The French special police force GIGN — Groupe d’Intervention de la Gendarmerie Nationale — is adopting CZ’s newest BREN carbine for service. What’s really interesting is that the department is not embracing 5.56 NATO. Instead GIGN is gearing up with CZ rifles chambered for 7.62x39mm, the time-tested Russian cartridge.
This is a stand-out contract with a foreign agency. The BREN series has been a real success for CZ, with widespread domestic adoption as well as strong commercial acceptance. This is the first contract CZ’s landed with a major power, earning the BREN 2 official high marks.
GIGN was looking for a compact package to deal with armored attackers. The special police force is tasked with counter-terrorism and other high-profile duties including protection details and hostage rescue.
In the aftermath of the 2015 terror attacks in Paris GIGN decided to re-evaluate their equipment. GIGN issues a wide variety of pistols and submachine guns chambered for 9mm Luger as well as full-size and compact carbines in 5.56 NATO.
The department was looking for a .30-caliber carbine from the start. However 7.62 NATO proved too unwieldy for close-quarters combat. GIGN wanted a cartridge that could be optimized for a short-barreled carbine. CZ developed the BREN series from the ground up around both 5.56 NATO and 7.62x39mm.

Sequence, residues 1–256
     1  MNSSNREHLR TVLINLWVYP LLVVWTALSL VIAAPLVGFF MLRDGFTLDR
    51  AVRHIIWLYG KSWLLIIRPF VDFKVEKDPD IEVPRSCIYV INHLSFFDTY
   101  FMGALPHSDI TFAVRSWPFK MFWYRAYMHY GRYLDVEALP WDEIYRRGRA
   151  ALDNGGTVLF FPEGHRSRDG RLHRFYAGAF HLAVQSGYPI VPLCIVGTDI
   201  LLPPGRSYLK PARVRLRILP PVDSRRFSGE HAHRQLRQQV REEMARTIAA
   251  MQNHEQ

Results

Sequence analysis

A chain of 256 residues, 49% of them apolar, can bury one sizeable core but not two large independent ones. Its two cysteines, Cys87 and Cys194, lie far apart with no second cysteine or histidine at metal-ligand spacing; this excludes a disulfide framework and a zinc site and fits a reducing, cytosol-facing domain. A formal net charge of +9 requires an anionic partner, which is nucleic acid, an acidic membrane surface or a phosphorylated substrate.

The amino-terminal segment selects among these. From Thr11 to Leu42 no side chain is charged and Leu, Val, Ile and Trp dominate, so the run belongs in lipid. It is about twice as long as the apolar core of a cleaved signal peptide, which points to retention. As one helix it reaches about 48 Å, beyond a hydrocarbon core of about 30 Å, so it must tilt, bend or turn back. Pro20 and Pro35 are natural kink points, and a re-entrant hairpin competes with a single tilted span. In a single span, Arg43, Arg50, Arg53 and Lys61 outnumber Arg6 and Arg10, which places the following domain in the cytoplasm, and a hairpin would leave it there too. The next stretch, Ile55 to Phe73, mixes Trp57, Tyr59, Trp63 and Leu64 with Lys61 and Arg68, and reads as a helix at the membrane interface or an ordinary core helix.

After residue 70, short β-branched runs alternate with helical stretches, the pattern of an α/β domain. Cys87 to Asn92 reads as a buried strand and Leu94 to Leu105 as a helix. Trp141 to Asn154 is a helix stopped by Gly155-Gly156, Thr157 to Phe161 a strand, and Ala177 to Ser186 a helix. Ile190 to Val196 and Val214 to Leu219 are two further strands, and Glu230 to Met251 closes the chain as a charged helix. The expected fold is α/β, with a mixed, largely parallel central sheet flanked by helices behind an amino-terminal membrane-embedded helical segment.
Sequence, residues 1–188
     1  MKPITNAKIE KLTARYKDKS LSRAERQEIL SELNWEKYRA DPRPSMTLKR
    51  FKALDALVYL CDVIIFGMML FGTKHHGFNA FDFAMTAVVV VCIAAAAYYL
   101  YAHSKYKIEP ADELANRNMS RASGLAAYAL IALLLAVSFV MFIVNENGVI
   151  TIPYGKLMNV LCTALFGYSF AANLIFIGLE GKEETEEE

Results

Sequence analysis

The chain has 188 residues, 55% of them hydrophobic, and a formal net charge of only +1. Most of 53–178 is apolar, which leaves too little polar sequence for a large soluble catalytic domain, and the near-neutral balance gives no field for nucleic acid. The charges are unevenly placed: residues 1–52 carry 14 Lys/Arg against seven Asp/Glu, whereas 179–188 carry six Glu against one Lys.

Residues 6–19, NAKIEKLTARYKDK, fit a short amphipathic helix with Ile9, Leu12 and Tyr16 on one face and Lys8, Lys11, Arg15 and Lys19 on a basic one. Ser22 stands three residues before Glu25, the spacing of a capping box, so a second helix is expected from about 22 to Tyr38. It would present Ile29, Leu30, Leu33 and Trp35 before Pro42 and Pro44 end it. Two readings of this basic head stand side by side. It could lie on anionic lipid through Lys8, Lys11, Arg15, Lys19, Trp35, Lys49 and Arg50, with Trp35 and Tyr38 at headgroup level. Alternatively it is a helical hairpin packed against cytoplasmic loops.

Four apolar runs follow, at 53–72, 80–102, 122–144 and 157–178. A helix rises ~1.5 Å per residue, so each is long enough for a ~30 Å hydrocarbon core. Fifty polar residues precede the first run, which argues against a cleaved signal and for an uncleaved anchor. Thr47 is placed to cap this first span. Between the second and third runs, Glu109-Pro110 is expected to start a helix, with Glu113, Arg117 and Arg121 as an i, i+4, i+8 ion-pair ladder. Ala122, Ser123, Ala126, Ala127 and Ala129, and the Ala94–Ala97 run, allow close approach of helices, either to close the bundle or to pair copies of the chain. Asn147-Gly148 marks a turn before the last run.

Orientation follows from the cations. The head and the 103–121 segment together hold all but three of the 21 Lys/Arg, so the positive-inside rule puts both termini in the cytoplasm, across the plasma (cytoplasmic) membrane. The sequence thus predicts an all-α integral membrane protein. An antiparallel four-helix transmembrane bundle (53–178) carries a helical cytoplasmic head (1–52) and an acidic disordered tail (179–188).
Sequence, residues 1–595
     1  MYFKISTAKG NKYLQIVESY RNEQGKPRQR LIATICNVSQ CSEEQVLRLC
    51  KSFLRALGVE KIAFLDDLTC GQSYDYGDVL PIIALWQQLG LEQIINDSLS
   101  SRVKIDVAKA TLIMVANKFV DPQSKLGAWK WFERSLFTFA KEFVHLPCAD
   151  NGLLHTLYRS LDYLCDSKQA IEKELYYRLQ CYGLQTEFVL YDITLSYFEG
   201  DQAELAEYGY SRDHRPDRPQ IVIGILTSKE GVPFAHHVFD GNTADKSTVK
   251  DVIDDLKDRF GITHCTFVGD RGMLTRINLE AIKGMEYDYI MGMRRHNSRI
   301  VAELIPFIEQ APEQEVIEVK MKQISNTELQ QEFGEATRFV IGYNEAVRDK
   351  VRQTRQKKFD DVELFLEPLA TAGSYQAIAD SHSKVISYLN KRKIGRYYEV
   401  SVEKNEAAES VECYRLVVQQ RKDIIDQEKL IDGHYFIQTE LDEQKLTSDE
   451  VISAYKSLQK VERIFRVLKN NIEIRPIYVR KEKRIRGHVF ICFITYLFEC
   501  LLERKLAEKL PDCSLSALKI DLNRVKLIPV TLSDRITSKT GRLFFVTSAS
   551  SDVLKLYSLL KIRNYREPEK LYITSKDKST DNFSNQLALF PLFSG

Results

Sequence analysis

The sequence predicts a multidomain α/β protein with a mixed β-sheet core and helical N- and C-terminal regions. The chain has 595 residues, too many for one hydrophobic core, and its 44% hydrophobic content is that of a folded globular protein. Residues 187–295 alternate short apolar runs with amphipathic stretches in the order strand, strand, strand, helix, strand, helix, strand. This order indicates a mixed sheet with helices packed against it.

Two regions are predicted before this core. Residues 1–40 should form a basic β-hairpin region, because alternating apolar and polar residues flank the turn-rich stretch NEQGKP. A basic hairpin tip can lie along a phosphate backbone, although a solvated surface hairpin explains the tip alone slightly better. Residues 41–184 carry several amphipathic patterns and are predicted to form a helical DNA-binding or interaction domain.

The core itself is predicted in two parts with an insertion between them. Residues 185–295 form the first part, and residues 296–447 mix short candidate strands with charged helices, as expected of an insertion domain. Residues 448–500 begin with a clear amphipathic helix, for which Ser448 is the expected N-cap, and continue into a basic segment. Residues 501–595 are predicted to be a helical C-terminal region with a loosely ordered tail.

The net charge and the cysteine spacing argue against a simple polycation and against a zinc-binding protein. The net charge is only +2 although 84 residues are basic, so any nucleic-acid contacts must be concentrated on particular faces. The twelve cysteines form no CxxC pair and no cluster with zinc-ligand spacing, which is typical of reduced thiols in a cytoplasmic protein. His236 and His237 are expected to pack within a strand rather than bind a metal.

The BREN 2 carbines will replace the GIGN’s HK 416 carbines in service today. GIGN started with a small order of 68 rifles but will eventually transition entirely to CZ BREN 2s as they complete future procurements. The guns are configured with 9-inch barrels and short, modular Picatinny handguards.
Another option for GIGN would have been a carbine chambered for 300 AAC Blackout. Like 300 BLK, 7.62x39mm performs very well out of short-barreled rifles. The agency is also weighing subsonic loads for suppressed rifles. But 7.62x39mm is an in-place option with this series and more affordable still.
The BREN 2 is the updated version of the original 805 developed for Czech military and police users. CZ modified the design in 2015. The BREN 2 has improved ambidextrous controls and simplified components for easy field stripping. The updated carbines also have lighter receivers.
The changes to the design have the benefit of lowering the cost of manufacturing as well. BREN users frequently compare the carbine to FN’s highly-successful SCAR at a lower price point.
The BREN 2 was originally intended to compete for the French future infantry carbine competition. Unfortunately, CZ was too late to enter the trials. French forces instead selected the HK 416 for general service — the exact gun GIGN is replacing with the BREN 2.
GIGN requested one change to CZ’s package which is a suppressor-ready flash hider mount. In turn, CZ is angling to get their newest P-10 striker-fired service pistol adopted in place of GIGN’s Glock pistols.